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Five Top Christmas Internet Threats

ESET : 09 December, 2010  (Technical Article)
ESET has identified what it believes to be the top five internet security threats facing users over the Christmas period
The countdown to Christmas has finally begun and preparations are well under way - but amongst the festivities, a host of Yuletide-themed threats will appear on the internet which threaten to spoil a happy Christmas.

Anti-virus software provider ESET has compiled its list of 5 internet security threats, which it believes consumers should be aware of and watch out for this Christmas.

Mark James, technical director ESET, explains, "For many Christmas is the season of goodwill, an opportunity to spend time with family and of course an excuse to eat and drink far too much. But for others it's a great excuse to spread SPAM, malware and internet viruses. Every year we see Christmas-related threats spring up - some are very sophisticated, whilst others rely on simple 'tried and tested' techniques to access internet users' information. Below is a list of threats, old and new, which consumers should watch out for this Christmas when online."

ESET: Top 5 threats to watch out for this Christmas:

1. Dangerous Christmas Holiday Downloads
E-mail and Instant Messenger are awash with Christmas holiday-themed downloads for screensavers, jingles and animations. These are an easy way for scammers to spread viruses and other computer threats especially when links come from an email or IM that appears to be from a friend or on Facebook.

2. Greeting Cards Hoax E-mails
The holiday season always brings a flood of fake links for 'free' Christmas cards from well known companies, once the links have been clicked on, they may ask to install extra video components to watch videos that contain malicious software.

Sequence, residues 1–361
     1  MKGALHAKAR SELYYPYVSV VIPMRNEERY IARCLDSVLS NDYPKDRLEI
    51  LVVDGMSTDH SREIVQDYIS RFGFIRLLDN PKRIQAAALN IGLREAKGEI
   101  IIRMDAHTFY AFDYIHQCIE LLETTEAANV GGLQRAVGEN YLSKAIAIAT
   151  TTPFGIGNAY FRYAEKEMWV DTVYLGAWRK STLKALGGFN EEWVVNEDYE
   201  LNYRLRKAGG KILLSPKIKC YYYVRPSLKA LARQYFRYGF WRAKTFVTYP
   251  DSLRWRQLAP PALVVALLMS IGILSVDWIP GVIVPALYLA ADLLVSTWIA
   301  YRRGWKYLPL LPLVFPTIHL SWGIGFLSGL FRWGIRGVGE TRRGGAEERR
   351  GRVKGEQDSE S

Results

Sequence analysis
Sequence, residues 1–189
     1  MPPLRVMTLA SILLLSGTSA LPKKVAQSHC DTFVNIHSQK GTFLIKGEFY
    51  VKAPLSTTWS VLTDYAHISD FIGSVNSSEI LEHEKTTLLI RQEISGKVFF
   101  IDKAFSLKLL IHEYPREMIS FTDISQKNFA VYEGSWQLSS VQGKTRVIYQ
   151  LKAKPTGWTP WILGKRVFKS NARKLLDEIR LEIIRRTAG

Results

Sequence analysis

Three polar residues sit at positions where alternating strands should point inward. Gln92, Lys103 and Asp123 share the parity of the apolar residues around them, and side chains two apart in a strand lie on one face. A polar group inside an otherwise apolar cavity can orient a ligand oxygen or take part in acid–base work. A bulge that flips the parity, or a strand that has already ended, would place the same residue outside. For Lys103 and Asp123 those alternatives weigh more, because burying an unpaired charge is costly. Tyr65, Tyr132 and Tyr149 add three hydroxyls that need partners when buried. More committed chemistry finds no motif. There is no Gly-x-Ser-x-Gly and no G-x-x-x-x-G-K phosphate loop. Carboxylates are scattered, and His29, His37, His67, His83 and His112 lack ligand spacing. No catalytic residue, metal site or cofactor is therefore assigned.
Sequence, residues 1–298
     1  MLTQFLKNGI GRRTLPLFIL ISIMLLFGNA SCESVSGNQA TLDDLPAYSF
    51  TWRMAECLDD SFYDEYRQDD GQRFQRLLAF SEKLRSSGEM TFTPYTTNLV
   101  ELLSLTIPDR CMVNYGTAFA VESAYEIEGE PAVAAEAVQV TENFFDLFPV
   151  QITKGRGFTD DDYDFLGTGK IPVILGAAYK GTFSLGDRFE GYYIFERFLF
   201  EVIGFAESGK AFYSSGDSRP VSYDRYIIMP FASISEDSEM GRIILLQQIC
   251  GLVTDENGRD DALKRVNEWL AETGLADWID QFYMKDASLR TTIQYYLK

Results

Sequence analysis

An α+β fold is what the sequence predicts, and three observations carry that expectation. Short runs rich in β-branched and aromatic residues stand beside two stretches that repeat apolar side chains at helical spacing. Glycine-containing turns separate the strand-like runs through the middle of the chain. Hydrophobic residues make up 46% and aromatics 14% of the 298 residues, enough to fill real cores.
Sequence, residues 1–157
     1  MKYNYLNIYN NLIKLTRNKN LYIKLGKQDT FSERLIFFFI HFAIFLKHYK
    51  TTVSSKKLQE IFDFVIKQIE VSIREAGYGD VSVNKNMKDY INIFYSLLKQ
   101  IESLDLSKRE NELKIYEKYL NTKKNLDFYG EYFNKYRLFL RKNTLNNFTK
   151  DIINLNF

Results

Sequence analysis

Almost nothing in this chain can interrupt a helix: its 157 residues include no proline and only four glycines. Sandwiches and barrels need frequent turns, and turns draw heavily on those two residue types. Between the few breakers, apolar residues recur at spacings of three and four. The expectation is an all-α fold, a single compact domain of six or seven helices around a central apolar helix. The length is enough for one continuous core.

3. Parcel Delivery scams
A long standing trick from hackers is to send fake emails about a parcel being delivered. Emails will then request that the recipient hurries to the website to enter details to validate who they are so they can re-deliver. These websites are course not authentic.

4. Christmas Facebook threats (real and hoax)
Facebook is an effective way for hackers to virally spread malware and viruses. Malicious apps and links can spread wild fire between 'friends' and Facebook 'groups'. But as well as genuine threats, hoax viruses are also a problem. The most recent example is the hoax 'Christmas Tree App'. The message, spread via Facebook, warned users about a 'Christmas Tree App' virus - in fact there was no virus at all, it was just a hoax. But the act of spreading these types of messages is potentially quite damaging. Malware can be removed fairly easily but this type of wrong information can live on for months, if not years, because people think they are doing 'the right thing' by alerting fellow users.

5. Deals that are too good to be true
If that online price for this year's must-have gift seems too good to be true, then it probably is! Hackers will always look to use enticing hooks to lure in victims so beware of online ads and online shops offering cut price deals. Big sellers this year are likely to be consoles like Nintendo Wii, Microsoft Kinect and Playstation Move - there is a high chance bogus emails will begin to circulate using these products.
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